A Blustery Day Indeed: Israel Hit With Heavy Rain, High Winds and Snow

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A woman walks in high winds and rain along the coast of Tel Aviv Friday, January 5 2018.
A woman walks in high winds and rain along the coast of Tel Aviv Friday, January 5 2018.Credit: Moti Milrod

The rain fell hard Friday throughout Israel's north and center in the stormiest day yet of what has been a very dry and warm winter. Rains in the north have been in the 30- to 50-millimeter range and Israel’s Water Authority reports the level of the Sea of Galilee rose by two centimeters just because of rain falling directly on the lake, for the first time this winter. The extremely low water level is expected to rise further as the streams in the north fill up and begin flowing into the lake.

Snow is expected during the day on Mount Hermon while local dust and sand storms are possible in the south early in the day.  Flooding is likely in the streams in the east and south.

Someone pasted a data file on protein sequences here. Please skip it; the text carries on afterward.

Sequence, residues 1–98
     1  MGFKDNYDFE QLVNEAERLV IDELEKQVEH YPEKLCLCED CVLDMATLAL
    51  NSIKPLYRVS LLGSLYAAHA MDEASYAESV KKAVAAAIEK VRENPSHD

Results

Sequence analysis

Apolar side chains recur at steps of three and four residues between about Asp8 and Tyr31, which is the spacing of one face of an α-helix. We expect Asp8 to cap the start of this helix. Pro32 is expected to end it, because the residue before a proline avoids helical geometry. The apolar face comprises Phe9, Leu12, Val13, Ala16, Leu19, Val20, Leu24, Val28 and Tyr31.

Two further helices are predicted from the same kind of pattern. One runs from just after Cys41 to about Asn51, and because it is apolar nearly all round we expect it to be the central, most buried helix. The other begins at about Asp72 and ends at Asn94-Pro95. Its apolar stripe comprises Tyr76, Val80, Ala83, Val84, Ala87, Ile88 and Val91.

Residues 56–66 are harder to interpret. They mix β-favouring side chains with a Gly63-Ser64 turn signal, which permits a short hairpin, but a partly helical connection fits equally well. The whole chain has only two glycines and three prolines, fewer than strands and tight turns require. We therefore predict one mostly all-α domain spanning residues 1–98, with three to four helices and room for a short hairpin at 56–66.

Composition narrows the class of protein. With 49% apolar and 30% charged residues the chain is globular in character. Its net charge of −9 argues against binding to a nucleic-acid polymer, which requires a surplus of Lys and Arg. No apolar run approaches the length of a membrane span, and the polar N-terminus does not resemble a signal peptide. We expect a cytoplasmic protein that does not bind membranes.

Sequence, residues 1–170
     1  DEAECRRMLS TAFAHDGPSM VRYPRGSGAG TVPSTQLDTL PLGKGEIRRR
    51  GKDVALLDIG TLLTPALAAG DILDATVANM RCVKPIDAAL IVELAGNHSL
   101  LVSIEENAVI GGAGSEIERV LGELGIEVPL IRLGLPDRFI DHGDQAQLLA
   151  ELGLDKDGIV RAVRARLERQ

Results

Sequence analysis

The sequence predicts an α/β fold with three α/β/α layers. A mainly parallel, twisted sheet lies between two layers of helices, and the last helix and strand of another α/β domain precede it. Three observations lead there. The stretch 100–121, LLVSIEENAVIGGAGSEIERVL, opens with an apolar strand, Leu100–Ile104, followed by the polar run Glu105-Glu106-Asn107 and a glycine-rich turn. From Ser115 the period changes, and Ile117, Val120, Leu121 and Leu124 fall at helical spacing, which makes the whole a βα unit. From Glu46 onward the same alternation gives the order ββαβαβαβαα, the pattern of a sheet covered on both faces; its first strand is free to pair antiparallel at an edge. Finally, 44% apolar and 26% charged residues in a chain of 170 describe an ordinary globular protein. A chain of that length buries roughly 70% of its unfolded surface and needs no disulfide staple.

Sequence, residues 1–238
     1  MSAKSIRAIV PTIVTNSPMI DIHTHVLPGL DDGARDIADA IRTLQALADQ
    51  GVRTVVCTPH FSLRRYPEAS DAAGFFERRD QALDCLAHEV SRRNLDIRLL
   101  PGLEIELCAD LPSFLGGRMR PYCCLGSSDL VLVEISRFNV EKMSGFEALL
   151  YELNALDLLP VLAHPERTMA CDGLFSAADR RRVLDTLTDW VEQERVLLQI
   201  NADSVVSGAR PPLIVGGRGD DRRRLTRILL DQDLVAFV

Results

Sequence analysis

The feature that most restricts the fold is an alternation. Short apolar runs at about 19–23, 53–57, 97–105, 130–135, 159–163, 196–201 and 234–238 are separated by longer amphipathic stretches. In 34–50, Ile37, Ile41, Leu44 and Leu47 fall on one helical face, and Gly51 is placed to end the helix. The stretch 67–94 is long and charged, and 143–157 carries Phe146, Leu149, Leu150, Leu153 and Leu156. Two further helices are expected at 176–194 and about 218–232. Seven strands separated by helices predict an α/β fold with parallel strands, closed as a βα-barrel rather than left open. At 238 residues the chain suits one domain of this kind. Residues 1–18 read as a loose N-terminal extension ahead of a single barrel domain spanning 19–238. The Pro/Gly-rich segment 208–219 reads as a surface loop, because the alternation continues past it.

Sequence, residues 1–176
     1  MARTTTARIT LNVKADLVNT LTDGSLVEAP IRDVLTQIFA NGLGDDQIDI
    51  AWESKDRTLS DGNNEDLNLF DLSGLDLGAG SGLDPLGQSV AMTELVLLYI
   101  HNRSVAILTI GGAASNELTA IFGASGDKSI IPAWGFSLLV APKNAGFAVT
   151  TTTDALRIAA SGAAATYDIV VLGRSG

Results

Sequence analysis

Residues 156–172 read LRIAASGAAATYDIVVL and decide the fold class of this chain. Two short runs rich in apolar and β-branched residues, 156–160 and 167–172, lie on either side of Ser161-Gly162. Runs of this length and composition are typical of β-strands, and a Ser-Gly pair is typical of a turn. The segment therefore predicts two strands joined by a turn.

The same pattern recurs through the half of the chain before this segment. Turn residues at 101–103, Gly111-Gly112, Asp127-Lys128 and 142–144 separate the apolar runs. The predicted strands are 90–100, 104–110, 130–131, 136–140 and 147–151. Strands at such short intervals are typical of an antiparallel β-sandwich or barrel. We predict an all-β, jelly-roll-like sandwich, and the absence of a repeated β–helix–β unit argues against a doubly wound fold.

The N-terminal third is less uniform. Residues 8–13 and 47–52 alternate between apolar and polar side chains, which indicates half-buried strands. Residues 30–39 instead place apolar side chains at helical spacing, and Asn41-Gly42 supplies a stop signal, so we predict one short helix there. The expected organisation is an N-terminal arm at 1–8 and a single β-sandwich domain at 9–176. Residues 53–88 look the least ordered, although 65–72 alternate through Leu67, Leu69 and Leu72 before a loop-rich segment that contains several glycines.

The storm will gradually die out and move on by Saturday morning.

A man kitesurfs along the beachfront in Tel Aviv on Friday, January 5 2018Credit: Moti Milrod

The Mediterranean Sea will see high waves of 80 to 150 centimeters. The wind will blow south-east to south-west at speeds of 16 to 32 kilometers an hour.

Israel's fire and rescue services, Israel Electric Corporation and local governments all made preparations over the past few days for the stormy weather. The rescue services said they added forces and increased their readiness for incidents requiring complex rescue operations. Teams are ready with inflatable boats, pumps and generators – as well over 200 generators, cranes and other lifting equipment ready all over the country.       

The IEC asked the public to report any severed or exposed electric lines immediately, as well as any other hazard, and the electric company advised removing any items on roofs or balconies that could be torn off in the storm and damage electric lines.

In the Arava, local government authorities have prepared heavy equipment including bulldozers to handle possible flooding. Farmers in the region have tied down their hothouses more strongly to prevent damage from the strong winds.